mov  pc, lr

The addruart macro should load the base address for the UART registers – the physical address in r1, and the corresponding virtual address in r2 (r3 is just a scratch register it can use).

waituart should implement a busy loop waiting for the UART’s line status register to show the output register is empty. senduart puts its first argument into the output register, and busyuart again should implement a busy loop waiting for output to clear – a flush() function.

Note how addruart loads the physical address into r1, and the other macros then use r1. This is specific to the decompressor, since it runs pre-MMU. The kernel facility that uses these macros instead calls them with addruart's second argument.

So what’s the UART’s physical base address, and what do the registers look like? Only one way to find out: disassemble the vendor’s decompressor, and see what addresses it uses.

There are many disassemblers available, starting of course with GNU objdump. This is as good an occasion as any to try out a new tool that came out: Ghidra. It’s a reverse engineering suite in the style of the venerable IDA Pro. Unlike IDA, it’s open source – and very unlike anything, it was written and is maintained by the NSA. The code is right here on GitHub. It’s a little surreal to be using NSA code, but as it turns out the tool is very good. It supports a ton of architectures, and has a great decompiler – which, due to Ghidra’s internal architecture, automatically works on all supported CPUs.

The camera vendor’s version of Linux is a hacked-up 3.4.43. So compiling that version from source and comparing the decompiled output with the source code should go a long way to understanding the vendor’s code as well. The first thing that gets sent to console is “Uncompressing Linux...”. This is done in arch/arm/boot/compressed/misc.c, in function decompress_kernel(). The call is to putstr(), a wrapper around the putc() function we saw defined earlier. Following that should get us the macros we’re after.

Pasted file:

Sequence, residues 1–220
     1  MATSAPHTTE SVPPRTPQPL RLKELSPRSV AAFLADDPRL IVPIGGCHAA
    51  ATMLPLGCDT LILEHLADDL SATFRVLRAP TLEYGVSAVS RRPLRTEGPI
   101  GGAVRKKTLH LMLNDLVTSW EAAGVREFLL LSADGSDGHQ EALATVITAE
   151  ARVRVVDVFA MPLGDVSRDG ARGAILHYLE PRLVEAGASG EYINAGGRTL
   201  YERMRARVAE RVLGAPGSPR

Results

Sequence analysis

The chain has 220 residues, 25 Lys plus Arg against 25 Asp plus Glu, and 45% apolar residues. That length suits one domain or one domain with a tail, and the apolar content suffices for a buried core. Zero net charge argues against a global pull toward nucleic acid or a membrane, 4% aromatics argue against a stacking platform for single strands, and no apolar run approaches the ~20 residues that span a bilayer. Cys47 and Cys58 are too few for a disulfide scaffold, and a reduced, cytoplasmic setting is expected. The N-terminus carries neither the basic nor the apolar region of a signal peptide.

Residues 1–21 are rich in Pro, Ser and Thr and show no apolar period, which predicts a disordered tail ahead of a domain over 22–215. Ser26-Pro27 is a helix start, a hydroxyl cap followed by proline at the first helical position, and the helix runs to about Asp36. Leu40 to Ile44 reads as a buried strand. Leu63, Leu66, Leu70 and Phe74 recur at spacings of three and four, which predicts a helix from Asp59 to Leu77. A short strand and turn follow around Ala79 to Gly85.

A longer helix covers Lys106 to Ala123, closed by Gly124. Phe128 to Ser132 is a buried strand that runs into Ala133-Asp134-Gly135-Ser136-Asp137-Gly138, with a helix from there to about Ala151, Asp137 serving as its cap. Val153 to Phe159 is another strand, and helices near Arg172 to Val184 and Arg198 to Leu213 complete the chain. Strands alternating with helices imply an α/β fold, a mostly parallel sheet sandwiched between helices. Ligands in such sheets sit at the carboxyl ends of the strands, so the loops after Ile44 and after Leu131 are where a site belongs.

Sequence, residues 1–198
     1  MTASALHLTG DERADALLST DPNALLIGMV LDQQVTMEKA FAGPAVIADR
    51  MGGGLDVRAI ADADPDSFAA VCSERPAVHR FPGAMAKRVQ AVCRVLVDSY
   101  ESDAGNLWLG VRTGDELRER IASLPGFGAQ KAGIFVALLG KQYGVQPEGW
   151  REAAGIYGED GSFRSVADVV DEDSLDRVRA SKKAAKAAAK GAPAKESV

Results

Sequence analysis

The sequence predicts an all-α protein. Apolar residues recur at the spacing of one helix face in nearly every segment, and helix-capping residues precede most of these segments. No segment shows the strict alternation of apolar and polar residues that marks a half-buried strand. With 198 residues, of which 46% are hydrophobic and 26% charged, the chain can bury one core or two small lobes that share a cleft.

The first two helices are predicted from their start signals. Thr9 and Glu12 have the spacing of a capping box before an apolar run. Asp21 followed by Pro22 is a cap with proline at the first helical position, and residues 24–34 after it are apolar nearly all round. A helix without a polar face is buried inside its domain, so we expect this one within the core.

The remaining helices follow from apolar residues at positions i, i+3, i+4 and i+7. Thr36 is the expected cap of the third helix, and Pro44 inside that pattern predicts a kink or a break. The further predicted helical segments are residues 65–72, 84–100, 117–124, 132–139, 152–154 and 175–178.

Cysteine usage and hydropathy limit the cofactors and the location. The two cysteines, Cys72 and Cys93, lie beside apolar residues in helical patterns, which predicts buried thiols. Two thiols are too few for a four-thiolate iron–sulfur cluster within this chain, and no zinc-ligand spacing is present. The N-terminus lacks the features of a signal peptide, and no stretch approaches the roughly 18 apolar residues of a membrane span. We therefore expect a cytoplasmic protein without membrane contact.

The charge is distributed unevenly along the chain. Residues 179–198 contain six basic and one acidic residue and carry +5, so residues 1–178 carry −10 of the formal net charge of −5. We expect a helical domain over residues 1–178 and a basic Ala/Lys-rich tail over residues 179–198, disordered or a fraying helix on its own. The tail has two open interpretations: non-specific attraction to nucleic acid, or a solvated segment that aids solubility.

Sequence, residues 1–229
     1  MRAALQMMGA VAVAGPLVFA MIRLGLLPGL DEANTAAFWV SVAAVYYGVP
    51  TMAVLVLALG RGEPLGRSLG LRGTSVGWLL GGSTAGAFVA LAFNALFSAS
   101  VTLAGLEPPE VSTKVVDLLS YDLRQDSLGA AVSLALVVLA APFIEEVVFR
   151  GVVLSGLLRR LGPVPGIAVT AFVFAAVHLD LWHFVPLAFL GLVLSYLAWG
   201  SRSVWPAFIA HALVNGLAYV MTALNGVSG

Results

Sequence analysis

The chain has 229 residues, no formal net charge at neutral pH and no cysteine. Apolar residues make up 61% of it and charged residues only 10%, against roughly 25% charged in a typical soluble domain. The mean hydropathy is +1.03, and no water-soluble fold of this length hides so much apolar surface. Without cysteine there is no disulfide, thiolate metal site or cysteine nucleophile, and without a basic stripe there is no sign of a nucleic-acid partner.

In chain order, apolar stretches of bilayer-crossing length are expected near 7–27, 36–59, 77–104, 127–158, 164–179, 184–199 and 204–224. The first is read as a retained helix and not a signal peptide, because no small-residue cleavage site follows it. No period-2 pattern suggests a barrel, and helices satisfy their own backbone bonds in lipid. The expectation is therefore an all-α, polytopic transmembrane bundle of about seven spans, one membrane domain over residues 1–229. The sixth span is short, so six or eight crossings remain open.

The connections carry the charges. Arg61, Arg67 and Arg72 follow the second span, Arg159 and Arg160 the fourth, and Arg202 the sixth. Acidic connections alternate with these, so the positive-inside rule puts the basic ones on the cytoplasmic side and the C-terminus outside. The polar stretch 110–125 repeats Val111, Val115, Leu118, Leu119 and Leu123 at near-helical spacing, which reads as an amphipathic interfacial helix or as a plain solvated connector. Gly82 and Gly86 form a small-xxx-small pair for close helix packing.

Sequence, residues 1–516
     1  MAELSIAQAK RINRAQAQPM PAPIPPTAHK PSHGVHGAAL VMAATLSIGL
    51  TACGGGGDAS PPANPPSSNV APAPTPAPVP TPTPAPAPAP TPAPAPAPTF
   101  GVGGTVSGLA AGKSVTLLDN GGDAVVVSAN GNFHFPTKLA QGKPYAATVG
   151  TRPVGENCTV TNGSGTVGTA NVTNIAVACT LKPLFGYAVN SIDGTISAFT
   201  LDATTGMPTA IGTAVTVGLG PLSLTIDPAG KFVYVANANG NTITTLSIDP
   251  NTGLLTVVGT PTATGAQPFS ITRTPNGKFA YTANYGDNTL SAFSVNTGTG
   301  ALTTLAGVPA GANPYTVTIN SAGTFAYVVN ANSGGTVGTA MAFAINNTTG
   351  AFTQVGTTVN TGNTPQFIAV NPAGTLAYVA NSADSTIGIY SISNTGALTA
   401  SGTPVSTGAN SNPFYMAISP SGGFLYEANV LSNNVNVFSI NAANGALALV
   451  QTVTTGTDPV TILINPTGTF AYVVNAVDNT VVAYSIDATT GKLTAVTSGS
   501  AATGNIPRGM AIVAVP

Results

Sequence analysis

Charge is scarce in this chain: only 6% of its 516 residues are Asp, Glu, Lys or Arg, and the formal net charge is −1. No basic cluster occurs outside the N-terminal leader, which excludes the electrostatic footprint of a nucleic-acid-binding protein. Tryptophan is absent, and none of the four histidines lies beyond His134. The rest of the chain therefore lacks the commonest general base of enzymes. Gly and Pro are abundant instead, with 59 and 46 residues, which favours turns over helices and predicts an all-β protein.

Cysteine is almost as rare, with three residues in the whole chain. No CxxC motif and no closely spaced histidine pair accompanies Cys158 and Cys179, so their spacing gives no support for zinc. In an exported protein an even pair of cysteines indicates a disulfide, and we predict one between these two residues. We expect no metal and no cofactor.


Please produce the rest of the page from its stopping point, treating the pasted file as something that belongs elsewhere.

Unfortunately the compiler inlined the putc function, so the loop has all the low-level I/O smeared into it Here’s the source code:

static void putstr(const char *ptr)
    char c;

    while ((c = *ptr++) != '\0') {
        if (c == '\n')


This is Ghidra’s decompiled version of the vendor code:

void putstr(char *ptr)
    byte bVar1;
    uint uVar2;
    int *piVar3;
    piVar3 = *(int **)(PTR_DAT_c10008c0 + DAT_c10008c4 + -0x3efff7e4);
    while( true ) {
        bVar1 = *ptr;
        if (bVar1 == 0) break;
        if (bVar1 == 10) {
            do {
                uVar2 = (**(code **)(*piVar3 + 0x10))(DAT_c10008c8);
            } while ((uVar2 & 0x40) == 0);
            (**(code **)(*piVar3 + 0x1c))(0xd,DAT_c10008cc);
        do {
            uVar2 = (**(code **)(*piVar3 + 0x10))(DAT_c10008c8);
        } while ((uVar2 & 0x40) == 0);
        (**(code **)(*piVar3 + 0x1c))((uint)bVar1,DAT_c10008cc);
        ptr = (char *)((byte *)ptr + 1);
    while (uVar2 = (**(code **)(*piVar3 + 0x10))(DAT_c10008c8), (uVar2 & 4) != 0) {
        (**(code **)(*piVar3 + 0x10))(DAT_c10008cc);

The DAT_ variables are references to memory addresses containing values, which the instructions dereference. The ARM architecture has fixed 32-bit instructions, so cannot handle direct register loads of 32-bit addresses. So we’d expect to find these UART base addresses in variables like this.

That last while loop is the flush() function i.e. busyuart. Cleaned up and with the variables filled in, it looks like this:

while (uVar2 = (somestruct + 0x10)(0xa0005014), (uVar2 & 4) != 0) {
    (somestruct + 0x10)(0xa0005004);

That looks like it reads from 0xa0005014 and waits for bit 2 to go low, reading from 0xa0005004 while it’s not. In other words, that bit indicates there’s stuff in the input buffer (it has one!), and drains it. So 0xa0005004 is the input buffer register.

But why is this using a function? The struct is somewhere in memory, and evidently the member at offset 0x10 is a pointer to a read function.

There’s only one line that sends putstr()'s string argument anywhere, so that’s got to be the senduart macro’s implementation:

(**(code **)(*piVar3 + 0x1c))((uint)bVar1,DAT_c10008cc);

Cleaned up:

(somestruct + 0x1c)(bVar1, 0xa0005004);

So the mystery struct has a pointer to a write function at 0x1c, and the UART output register is evidently 0xa0005004 as well.

Right before that is a busy loop, clearly the waituart macro:

    do {
        uVar2 = (**(code **)(*piVar3 + 0x10))(DAT_c10008c8);
    } while ((uVar2 & 0x40) == 0);

This reads 0xa0005014 in a loop, waiting for bit 6 to go high.

There is no implementation of addruart, as all address are hardcoded in memory variables. But we have the addresses, and some bitfields. That should be enough to make a kernel that boots and tells us it’s decompressing itself.